Another of Rule 18b’s grounds for recusal is that the judge’s “impartiality might reasonably be ques­tioned.” This one strikes a little closer to home—the special prosecutors reportedly stood down during the proceedings yesterday, and the judge was pressing the matter herself. That might be reason reasonably to question the judge’s impartiality. But any contempt proceeding involves an affront to the authority of the court. That’s why they call it “contempt.” If an offended court is grounds for recusal in a contempt proceeding, then recusal is appropriate in every contempt proceeding.

The grounds for recusal in Schaffer’s non-motion-to-recuse would not, by themselves, be the strongest stuff. The better argument is that a contempt prosecution will, for several reasons, simply not stand (he’s right, of course; Beers also filed motions to quash (pdf)):

The Show Cause Order fails to allege how Morris violated the Orders of October 18 and October 26 as well as Chapter 20 of the Code of Criminal Procedure.
The Show Cause Order fails to allege that Morris entered the grand jury room in violation of the Order of October 18.
The Show Cause Order fails to allege that Morris participated in the grand jury’s investigation of possible criminal conduct by members of the HCDAO in violation of the Order of October 26.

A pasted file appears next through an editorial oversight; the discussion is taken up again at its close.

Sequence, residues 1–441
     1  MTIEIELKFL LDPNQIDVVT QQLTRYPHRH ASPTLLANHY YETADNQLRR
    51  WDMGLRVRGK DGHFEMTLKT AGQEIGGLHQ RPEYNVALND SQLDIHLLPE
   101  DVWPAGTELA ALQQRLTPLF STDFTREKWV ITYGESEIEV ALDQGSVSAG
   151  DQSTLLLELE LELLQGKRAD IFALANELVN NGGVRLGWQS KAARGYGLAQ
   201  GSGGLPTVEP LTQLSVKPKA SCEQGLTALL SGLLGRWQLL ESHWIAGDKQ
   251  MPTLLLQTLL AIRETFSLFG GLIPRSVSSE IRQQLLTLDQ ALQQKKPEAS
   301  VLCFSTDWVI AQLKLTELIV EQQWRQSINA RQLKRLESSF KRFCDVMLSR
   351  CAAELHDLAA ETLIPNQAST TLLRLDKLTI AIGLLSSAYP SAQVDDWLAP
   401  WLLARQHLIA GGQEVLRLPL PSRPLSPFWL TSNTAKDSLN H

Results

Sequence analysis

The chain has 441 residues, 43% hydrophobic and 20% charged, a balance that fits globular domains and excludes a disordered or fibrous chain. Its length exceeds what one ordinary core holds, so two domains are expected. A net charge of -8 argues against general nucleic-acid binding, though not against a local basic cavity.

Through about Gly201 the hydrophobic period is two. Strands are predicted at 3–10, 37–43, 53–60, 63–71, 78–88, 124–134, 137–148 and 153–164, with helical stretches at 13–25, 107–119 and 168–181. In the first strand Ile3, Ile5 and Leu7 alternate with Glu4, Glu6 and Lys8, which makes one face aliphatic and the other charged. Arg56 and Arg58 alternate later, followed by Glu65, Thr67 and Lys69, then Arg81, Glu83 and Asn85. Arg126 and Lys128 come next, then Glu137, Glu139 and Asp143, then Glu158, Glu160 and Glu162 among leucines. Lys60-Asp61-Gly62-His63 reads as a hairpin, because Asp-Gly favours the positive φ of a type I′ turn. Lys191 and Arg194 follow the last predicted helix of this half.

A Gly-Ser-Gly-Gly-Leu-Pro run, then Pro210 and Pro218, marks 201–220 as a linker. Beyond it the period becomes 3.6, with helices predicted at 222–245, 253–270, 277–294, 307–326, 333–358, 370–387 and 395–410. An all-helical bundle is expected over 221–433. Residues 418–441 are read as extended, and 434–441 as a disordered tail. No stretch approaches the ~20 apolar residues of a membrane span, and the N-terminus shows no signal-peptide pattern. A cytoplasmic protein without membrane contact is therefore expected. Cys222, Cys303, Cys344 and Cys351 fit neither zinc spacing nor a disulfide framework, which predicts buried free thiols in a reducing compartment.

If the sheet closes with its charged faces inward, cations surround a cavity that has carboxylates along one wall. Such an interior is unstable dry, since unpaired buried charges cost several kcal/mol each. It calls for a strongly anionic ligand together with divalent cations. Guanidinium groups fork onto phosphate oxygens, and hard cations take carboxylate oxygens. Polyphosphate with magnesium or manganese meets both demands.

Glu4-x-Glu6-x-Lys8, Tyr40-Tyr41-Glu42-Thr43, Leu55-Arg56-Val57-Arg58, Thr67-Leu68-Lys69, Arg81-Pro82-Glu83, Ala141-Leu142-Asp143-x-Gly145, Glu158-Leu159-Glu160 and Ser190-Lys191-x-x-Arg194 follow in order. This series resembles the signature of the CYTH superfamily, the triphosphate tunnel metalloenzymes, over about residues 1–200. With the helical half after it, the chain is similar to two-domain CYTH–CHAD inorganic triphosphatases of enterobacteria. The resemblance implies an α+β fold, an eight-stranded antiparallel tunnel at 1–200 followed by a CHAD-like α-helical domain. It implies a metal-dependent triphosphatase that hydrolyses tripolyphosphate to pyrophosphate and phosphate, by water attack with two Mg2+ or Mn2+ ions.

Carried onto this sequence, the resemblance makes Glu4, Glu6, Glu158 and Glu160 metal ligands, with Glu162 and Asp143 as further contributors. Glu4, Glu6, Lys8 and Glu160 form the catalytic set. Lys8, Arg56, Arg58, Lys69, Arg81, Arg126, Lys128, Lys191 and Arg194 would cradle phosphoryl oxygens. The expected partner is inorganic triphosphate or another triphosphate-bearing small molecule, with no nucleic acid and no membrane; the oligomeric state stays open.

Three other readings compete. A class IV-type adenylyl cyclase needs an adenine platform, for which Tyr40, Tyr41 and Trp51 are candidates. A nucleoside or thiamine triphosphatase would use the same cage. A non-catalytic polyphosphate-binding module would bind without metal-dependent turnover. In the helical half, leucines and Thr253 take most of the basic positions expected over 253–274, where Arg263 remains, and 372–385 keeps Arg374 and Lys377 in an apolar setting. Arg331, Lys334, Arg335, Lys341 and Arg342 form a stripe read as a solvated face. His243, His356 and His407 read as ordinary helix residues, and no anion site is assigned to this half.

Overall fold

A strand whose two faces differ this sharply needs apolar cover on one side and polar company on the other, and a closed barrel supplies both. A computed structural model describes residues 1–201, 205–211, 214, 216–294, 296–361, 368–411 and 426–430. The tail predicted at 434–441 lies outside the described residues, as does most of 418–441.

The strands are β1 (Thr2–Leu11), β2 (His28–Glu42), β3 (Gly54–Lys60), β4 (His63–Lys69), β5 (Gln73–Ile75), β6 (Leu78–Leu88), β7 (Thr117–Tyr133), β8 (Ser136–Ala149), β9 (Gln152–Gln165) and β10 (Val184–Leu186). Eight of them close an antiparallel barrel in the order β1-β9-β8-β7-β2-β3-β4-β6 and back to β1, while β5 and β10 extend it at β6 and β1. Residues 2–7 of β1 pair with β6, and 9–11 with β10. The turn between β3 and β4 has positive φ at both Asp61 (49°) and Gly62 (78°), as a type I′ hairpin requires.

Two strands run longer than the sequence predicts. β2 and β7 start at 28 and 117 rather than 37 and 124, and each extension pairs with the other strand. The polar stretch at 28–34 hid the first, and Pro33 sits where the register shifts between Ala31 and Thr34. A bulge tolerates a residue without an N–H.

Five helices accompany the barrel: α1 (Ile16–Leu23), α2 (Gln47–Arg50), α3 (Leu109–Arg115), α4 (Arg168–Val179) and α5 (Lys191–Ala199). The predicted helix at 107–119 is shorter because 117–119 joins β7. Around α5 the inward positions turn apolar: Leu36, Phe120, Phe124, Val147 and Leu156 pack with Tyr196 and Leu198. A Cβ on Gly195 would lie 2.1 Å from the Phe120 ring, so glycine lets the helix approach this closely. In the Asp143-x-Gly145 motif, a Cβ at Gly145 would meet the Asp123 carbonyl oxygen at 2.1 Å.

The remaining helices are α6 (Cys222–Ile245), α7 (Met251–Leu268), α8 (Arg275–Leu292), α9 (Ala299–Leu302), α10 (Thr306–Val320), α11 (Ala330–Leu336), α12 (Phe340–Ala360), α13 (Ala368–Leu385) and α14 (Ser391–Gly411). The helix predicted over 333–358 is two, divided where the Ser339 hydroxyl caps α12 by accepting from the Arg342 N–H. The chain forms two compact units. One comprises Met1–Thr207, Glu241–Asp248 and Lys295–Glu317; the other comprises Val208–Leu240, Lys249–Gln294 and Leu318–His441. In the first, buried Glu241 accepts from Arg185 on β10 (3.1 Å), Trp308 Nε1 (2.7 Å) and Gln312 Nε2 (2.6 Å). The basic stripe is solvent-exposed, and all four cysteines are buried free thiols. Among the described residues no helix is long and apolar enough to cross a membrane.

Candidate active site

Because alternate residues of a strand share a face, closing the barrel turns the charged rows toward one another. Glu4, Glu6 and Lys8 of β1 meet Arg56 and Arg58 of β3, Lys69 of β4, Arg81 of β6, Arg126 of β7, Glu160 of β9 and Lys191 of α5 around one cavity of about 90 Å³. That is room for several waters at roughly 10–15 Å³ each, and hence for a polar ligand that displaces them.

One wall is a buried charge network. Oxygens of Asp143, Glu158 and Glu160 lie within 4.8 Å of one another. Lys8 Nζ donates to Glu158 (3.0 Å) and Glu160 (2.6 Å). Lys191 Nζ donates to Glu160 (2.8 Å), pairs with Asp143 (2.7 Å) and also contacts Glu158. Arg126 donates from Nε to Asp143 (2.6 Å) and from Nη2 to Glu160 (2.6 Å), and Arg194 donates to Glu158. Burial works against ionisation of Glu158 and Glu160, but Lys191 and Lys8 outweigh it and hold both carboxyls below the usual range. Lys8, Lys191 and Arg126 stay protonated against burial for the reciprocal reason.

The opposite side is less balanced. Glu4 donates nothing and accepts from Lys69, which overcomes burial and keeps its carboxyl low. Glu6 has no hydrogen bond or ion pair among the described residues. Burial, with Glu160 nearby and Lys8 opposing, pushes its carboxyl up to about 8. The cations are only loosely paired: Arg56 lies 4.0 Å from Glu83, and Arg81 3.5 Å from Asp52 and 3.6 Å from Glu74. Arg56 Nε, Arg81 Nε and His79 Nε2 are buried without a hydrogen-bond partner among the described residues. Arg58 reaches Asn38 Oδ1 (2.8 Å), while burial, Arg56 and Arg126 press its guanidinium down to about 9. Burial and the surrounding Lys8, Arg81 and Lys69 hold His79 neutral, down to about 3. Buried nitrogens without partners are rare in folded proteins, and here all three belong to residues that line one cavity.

The Show Cause Order fails to allege that Morris disclosed anything that transpired before the grand jury or received such information and disclosed it to another for an improper purpose in violation of article 20.02(b) and (c) of the Code of Criminal Procedure.

Schaffer also sets up defenses to contempt:

LEGAL DEFENSES
Morris cannot properly be held in contempt for violating the Orders of October 18 and October 26 that do not name him, were not served on him, and do not prohibit him from receiving or possessing transcripts of grand jury testimony— especially transcripts prepared before the Order of October 26 was entered.
Morris cannot properly be held in contempt for violating article 20.02(b) and (c) of the Code of Criminal Procedure based on the alleged receipt or possession of transcripts of grand jury testimony that were not thereafter disclosed to anyone.